The Ideal Gas Law states:

PV = nRT

P = Pressure, V = Volume, n = number of moles of our substance, R = 0.08206 L atm/mol K, T = Temperature

In this case, we're solving for the number of moles -- we want to know how much dry ice to put into the keg before covering it and not kill ourselves. Just FYI, dry ice inside a cornelius keg makes a very effective bomb. Do not be fooled into thinking that this is by any means a safe procedure. You must be accurate with your calculations and pay attention to what the fuck is going on. Having a pressure regulator for your keg is a WONDERFUL idea. If you don't know what that means, and neither do any of your friends, I recommend against even attempting this. Hell, we're not even sure if we're going to attempt it.

In our case, we'll be carbonating at room temperature. About 60 degrees F. Note also that you will have to redo this calculation every time you want to carbonate a keg: The headspace and temperature will change from trial to trial.

So T = 273 + 15.5 = 288.5 degrees Kelvin.

We'll assume for safety's sake that the entire volume of the dry ice that we put into the liquid will immediate sublimate and that none of it will be absorbed into the beer. In this case, volume is simply the headspace left over. If we have, say, 4.5 gallons of beer that we're kegging, that leaves .5 gallons or 1.89 liters.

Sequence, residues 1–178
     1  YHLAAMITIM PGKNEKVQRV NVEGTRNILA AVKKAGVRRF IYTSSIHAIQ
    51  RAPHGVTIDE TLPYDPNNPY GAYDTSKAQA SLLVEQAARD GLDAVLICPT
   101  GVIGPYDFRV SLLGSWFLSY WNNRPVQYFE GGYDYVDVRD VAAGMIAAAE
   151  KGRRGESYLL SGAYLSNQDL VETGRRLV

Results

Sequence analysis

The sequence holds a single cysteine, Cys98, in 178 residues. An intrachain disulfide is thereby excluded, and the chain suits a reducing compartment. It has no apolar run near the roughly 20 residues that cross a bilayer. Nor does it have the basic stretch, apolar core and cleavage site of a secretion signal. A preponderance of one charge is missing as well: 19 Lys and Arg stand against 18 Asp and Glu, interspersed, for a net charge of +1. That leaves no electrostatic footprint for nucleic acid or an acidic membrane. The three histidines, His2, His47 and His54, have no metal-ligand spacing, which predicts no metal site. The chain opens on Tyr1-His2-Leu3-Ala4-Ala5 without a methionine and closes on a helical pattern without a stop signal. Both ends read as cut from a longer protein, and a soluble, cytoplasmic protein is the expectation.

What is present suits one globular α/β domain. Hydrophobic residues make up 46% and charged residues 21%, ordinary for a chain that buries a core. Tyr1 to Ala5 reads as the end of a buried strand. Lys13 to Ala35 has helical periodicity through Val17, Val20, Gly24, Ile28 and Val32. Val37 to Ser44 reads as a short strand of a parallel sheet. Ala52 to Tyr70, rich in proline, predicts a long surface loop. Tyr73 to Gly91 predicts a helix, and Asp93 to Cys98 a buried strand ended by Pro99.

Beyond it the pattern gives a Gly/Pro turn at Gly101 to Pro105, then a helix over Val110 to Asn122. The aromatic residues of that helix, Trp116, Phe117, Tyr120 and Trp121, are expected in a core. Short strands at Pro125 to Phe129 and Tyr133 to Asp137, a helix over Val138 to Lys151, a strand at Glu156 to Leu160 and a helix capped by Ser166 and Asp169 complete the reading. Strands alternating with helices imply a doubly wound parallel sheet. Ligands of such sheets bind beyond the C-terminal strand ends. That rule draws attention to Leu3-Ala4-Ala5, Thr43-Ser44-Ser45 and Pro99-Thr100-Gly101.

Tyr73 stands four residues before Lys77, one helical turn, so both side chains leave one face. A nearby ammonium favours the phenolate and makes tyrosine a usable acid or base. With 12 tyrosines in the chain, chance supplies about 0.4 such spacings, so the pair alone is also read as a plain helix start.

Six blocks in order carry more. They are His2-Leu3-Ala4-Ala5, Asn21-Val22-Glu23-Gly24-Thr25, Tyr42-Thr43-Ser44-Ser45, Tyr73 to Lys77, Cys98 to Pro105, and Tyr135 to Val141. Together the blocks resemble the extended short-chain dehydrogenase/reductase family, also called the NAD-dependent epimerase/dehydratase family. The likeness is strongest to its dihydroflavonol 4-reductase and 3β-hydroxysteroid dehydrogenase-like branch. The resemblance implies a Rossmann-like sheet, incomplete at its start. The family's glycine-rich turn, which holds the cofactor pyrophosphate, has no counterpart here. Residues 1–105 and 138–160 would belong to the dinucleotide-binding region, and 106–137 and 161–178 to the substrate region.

So V = 1.89 liters.

A typical cornelius keg is rated to 125 PSI. We don't want to get anywhere near that, so we're shooting for the highest PSI that we've put a keg through with our normal CO2 kegging system: 55 PSI, which is 3.74 atmospheres.

So P = 3.74.

The final equation is:

(1.89 L * 3.74 atm) / (0.08206 * 288.5 K) = 0.2986 moles.

CO2 is 44 grams/mole, so this would indicate that we need about 13 grams of CO2 to avoid blowing the top off of the corny keg and getting beer all over the basement. Question is: Is 13 grams of CO2 enough?

Conventional wisdom is that you need about two volumes of CO2 to be dissolved into your beer. At standard temperature and pressure, one mole of gas will occupy 22.4 liters of space, which is 5.9 gallons. Our piddly little .2986 moles will fail this task miserably, taking up only around half of that volume (one quarter of the total necessary volume) at 60 degrees. Not to mention the difficulties associated with measuring out just 13 grams of dry ice accurately.

More on this later, including possible workarounds.

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